I listened at first, feeling for Howie when the inevitable happened and he transposed the names belonging to Justin Verlander and Shane Bieber to suggest a certain pop star had a new career. (S. Bieber is certainly handsome enough to be a teen idol, so why not?) I heard the sound made by Jose Ramirez’s bat connecting with a ball in the first inning and so wasn’t particularly surprised by word that said ball had landed basically on Mars. But after that Verlander was brisk and relentless, sending Guardians away from the plate after the briefest of interactions.

The problem was that Bieber was also brisk and relentless — here was an old-fashioned duel of aces, and never mind the bigger bases and limited disengagements and not allowing fielders to play where charts tell them makes sense to play. The game was half-done by the time I settled into the Delta Sky Club and asked the bartender if he could turn on ESPN.

I was just in time to see Lindor get the Mets even with a golf shot of a homer, and from there I let the game unfold visually across the room without sound. The Mets had tied it, with Verlander going eight innings — a sight both wonderful and unexpected given his new team’s rotation woes.

Tied it, but my boarding time had gone from “still a ways away” to “awfully soon now.” Then Alvarez singled off Bieber — our fireplug catcher seems to be in the middle of everything, doesn’t he? — and turned into Marte, who in rapid succession survived a near-pickoff and then scampered to third on a little cue shot through the infield by Lindor. Jeff McNeil brought Marte home on a sac fly, with Brooks Raley coming in for the save — and my 9:20 boarding time now just a few minutes away.

Raley turned a nifty play to spoil Steven Kwan’s bunt attempt, and on just a single pitch, no less — I thanked him for both. But then he hit Amed Rosario, bringing up Ramirez and his by now lengthy track record of damage. It was 9:18. My boarding time was in peril, but larger things were too.

Ramirez hit the second pitch of the AB — and just the fifth of the inning — directly at Lindor for the old tailor-made 6-4-3 double play. The Mets had won in a little more than two hours, which I’ll grudgingly note might of had something to do with Manfredball. I grabbed my bags and walked downstairs and straight onto the plane with a certain spring in my step.

And why not? The Mets, seemingly dead after following their three-week brownout with an opening loss to the Rays, have now won five straight, all of them one-run decisions. They’ve done it thanks to precocious play from the celebrated Baby Mets but also with contributions from wise old heads — it was Alonso and Lindor and Marte and Scherzer and Verlander who came up big against the Guardians.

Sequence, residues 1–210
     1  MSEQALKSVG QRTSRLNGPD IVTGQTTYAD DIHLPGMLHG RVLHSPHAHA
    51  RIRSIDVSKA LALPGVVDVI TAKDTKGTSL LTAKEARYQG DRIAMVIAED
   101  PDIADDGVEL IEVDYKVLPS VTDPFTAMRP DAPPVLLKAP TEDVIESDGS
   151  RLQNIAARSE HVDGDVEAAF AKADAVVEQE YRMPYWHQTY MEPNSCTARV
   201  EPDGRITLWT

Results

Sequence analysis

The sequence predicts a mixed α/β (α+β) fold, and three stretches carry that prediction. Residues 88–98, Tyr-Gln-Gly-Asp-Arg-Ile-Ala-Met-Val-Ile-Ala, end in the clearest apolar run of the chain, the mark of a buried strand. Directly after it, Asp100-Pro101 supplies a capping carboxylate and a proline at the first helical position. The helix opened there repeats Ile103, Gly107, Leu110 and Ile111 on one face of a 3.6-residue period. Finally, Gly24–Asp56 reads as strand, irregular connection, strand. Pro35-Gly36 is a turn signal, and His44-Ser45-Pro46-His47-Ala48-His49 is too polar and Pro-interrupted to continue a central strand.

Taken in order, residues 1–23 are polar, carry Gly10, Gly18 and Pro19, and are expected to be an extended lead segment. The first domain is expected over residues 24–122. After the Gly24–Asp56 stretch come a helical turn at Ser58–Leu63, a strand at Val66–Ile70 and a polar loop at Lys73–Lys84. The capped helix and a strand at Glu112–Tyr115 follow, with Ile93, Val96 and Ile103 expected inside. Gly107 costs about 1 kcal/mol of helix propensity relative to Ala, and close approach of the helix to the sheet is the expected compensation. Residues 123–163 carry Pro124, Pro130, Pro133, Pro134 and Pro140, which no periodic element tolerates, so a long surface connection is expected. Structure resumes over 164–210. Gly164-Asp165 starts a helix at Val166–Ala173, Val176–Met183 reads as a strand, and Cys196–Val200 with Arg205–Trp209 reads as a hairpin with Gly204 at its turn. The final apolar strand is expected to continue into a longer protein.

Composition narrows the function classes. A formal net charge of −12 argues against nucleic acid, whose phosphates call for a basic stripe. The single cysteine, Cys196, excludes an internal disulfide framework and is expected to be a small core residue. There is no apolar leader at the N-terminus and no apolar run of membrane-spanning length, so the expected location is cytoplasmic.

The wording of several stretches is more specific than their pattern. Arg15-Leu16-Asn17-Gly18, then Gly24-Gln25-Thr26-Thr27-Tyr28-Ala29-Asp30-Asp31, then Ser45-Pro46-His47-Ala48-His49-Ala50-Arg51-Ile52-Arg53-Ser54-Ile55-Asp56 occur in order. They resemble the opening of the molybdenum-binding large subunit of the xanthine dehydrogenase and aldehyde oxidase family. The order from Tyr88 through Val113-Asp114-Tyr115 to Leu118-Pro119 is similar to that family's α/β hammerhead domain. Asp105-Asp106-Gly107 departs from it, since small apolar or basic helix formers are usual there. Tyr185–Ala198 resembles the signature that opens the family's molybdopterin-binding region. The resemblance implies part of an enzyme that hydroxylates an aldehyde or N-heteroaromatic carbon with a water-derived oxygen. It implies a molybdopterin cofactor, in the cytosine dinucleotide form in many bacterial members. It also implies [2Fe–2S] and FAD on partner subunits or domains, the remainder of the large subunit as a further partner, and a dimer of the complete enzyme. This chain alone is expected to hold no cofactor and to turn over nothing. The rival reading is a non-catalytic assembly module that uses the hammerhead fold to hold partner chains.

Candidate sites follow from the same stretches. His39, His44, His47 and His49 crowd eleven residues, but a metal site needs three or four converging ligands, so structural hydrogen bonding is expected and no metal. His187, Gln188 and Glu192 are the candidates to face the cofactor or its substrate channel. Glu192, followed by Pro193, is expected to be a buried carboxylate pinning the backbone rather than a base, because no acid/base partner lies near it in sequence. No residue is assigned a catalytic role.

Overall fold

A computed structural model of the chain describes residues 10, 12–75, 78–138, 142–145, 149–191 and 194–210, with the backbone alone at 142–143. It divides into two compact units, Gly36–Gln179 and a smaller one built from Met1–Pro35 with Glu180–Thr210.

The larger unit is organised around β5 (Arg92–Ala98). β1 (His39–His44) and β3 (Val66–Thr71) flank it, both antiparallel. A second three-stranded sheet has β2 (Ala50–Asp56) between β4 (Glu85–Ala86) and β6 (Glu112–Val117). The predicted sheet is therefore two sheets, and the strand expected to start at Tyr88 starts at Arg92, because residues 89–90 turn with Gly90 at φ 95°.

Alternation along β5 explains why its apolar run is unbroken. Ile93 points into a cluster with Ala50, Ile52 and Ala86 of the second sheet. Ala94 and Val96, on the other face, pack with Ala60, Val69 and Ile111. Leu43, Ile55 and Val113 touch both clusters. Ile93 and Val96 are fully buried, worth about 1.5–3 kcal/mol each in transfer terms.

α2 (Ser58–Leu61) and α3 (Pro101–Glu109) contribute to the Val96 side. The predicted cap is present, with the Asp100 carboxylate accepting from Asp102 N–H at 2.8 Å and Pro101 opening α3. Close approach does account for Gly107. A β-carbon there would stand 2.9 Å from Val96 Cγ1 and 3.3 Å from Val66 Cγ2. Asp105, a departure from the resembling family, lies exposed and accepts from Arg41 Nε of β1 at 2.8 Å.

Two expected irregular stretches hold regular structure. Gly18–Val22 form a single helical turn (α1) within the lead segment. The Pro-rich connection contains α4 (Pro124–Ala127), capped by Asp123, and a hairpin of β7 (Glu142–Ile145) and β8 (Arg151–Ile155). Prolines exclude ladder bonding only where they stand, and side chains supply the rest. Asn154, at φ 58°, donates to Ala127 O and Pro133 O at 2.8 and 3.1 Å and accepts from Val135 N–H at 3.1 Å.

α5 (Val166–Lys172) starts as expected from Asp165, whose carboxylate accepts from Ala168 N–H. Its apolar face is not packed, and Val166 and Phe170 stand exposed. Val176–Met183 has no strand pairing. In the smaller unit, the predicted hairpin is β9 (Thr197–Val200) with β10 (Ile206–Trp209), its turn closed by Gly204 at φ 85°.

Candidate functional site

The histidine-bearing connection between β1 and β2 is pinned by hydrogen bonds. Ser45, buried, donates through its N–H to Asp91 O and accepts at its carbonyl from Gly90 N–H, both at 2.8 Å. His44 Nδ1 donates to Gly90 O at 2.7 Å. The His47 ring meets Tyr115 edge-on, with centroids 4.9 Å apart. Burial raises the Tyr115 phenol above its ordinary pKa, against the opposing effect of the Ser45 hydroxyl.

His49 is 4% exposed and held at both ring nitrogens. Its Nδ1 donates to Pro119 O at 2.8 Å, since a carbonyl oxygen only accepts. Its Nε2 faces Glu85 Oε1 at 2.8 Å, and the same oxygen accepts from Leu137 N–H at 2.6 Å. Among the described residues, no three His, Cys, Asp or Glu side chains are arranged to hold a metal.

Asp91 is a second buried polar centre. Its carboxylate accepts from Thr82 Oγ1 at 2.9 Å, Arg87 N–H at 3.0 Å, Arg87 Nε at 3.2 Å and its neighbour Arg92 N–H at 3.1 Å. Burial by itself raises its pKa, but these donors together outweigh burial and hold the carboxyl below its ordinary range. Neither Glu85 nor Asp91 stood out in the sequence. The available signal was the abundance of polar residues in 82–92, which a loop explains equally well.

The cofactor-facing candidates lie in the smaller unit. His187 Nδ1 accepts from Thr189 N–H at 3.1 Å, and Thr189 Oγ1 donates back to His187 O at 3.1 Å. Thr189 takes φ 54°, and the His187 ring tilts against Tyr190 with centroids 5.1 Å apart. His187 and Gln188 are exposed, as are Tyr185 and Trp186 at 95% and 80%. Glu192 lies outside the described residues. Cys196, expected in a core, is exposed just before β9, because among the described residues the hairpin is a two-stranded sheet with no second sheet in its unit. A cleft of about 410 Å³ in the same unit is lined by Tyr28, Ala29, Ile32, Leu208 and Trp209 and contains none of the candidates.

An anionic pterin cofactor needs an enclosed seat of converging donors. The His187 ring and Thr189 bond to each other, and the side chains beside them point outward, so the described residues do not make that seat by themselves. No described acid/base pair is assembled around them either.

I don’t know what it portends — this season has been decidedly peculiar, with the Mets either looking unstoppable or unbearable. But all of a sudden they look once again like the team that was so much fun in the spring and summer of 2022. GameDay graphics, audio burbling away in my pocket, murky cell video, an actual television — if they keep playing like this, I’ll find a way to accompany them.

4 comments to Baby Mets Monitor

  • Bob

    It’s just the “Amazin’ (Baby) Mets!”

    By the way-you noted you “forgot ear buds..”several times.
    You’ll find as you age, the one thing you remember, is to forget.
    I’m sure Casey would have a better way to say that.
    Let’s Go Mets!

  • Steve

    I really enjoy Jason’s recaps when he is on the road. We’ve all been there right, but it’s not a story that is ever told.

    I almost missed my flight out of LGA on Thursday because I was watching the game at home (should have just gone to Citi in retrospect) and spent the weekend catching bits and pieces of the series in various bars, restaurants, parks, cars, and even a bit from the comfort of my hotel room. Oy.

  • open the gates

    You guys are reminding me of when I was about to leave for Israel for my gap year. I was watching the Mets for the last time all year (no international cable access back then), and they were losing by four runs, and I was a little despondent. My dad told me to turn off the TV, we had to get to the airport. Just then, Kelvin Chapman of all people hit a grand slam to tie up the game. “OK,” I said, “now I can come.”